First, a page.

I can’t remember there ever being so much attention paid to an elbow.

You know which one I’m talking about. LeBron James’ elbow. The elbow that has dominated discussion on sports talk radio. The elbow that has been covered extensively in newspapers around the country, and on websites and blogs. The elbow that currently has its own Twitter handle with more than 6,300 followers.

When LeBron shot a free throw with his left hand a week ago against the Chicago Bulls, the NBA, the city of Cleveland, his teammates and coaching staff, and NBA fans all collectively held their breath. That free throw hammered home the realization that King James may actually be hurt.

James told Cleveland fans not to worry. But on Monday, when the Cavaliers lost to the Boston Celtics at home, and with it home court advantage, real concern has start to set in.

Most of the season, the collective public had penciled in a Cavaliers vs. Los Angeles Lakers Final. And more importantly, LeBron vs. Kobe Bryant.

Granted, there’s still a lot of basketball to be played. The San Antonio Spurs and Phoenix Suns certainly have something to say about the Lakers making the Finals in the West, and the Orlando Magic is arguably the deepest team in the East. But most thought that Cavaliers vs. Lakers was the most likely scenario.

James’ elbow puts that scenario in serious doubt. In Game 2 against Boston, James looked tentative, and didn’t have the same runaway-train like explosion that we’re used to seeing. Thursday, his elbow felt a little better, but he’s acknowledged that it will be problematic the rest of the playoffs.

If James doesn’t make it to the Finals, it’ll be a disaster for the NBA. The star power alone of LeBron versus Kobe will bring much-needed eyes to the league. When the NFL hosted the first round of its Draft on April 22, the ratings were better than the NBA playoff ratings, showing where fans’ loyalties lie. Stern doesn’t want LeBron to make the Finals… he needs him too.

The city of Cleveland does too. This summer will be the most hyped free agent class in recent memory with guys like LeBron, Dwayne Wade and Chris Bosh all being available.

The million-dollar question is will LeBron stay or go? If the Cavaliers win the title, there are some that say it would be okay for him to leave since he brought Cleveland a championship.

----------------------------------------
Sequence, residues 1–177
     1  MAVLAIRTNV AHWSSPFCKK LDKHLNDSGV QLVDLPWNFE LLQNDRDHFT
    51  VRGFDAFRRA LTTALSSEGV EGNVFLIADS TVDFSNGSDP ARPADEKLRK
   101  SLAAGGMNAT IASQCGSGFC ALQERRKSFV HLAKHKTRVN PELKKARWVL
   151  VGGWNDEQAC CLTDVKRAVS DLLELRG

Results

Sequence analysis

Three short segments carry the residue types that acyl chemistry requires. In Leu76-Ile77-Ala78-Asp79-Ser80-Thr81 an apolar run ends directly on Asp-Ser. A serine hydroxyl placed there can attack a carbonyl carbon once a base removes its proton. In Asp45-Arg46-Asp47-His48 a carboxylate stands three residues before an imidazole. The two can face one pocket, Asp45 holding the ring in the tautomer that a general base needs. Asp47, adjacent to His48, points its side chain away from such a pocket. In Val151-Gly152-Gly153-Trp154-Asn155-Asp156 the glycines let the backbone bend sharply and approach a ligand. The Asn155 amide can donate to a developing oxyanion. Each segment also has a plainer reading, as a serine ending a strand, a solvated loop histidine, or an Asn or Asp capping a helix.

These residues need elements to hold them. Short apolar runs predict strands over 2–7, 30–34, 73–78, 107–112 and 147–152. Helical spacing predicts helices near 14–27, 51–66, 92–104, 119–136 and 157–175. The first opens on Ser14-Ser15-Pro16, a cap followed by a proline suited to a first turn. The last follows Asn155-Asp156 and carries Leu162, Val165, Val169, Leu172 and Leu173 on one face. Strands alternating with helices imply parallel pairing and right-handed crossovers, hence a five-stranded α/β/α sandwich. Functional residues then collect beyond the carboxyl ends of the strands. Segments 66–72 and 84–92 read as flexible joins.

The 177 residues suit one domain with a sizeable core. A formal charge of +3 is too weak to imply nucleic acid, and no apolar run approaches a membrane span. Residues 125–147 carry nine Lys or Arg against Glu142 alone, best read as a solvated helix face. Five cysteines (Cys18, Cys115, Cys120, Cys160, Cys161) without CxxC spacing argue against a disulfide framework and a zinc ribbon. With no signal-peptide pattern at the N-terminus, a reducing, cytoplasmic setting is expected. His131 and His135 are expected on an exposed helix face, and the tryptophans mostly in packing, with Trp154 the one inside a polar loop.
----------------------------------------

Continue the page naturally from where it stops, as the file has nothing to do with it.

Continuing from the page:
Others think a Cavaliers championship will make him inclined to stay, since he would’ve revitalized Cleveland and will mean more to that city than arguably any athlete ever.

If LeBron’s elbow doesn’t heal, we’ll never know. With LeBron banged up, the Cavaliers will have a tough time getting past Boston. If they do advance, they won’t get past a Magic team that hasn’t even lost a playoff game yet, which means we’ll see the Magic in a Finals rematch against the Lakers (which no one is really rooting to see).

If that scenario plays out, LeBron would know for sure that he probably won’t get a ring in Cleveland. If his team needs him to be in perfect health for them to make the Finals, I think King James will realize he needs help that Cleveland can’t provide. LeBron leaving would essentially kill basketball in Cleveland.

Finally, and most importantly, if LeBron’s elbow doesn’t heal, it hurts the fans. Nothing against the Magic, or even Boston; they’re great teams. But fans want to see LeBron in the Finals.

LeBron was named MVP for the second straight year on Sunday. He’s been in the league for seven years. We’re quick to compare LeBron to Michael Jordan and this is the best year to compare. Jordan won his first of six championships in his seventh year. That same year, he won his second MVP award.

Kobe is getting older, and more and more people are crowning King James as the best player in the world. But he still hasn’t won the big one. If we get the dream scenario of Cavaliers versus Lakers, it’ll almost be a “passing of the torch” series. Kobe’s got the torch, but if LeBron can carry his team to the championship, he will be the unquestioned best in the game.

LeBron’s elbow is robbing us of getting to see that. If it doesn’t heal, NBA fans will be left with “what if” questions, Cleveland will be devastated and heart-broken, and the NBA will surely miss out on one of the highest-rated and most lucrative Finals matchups ever.

Who would’ve thought an elbow could mean so much?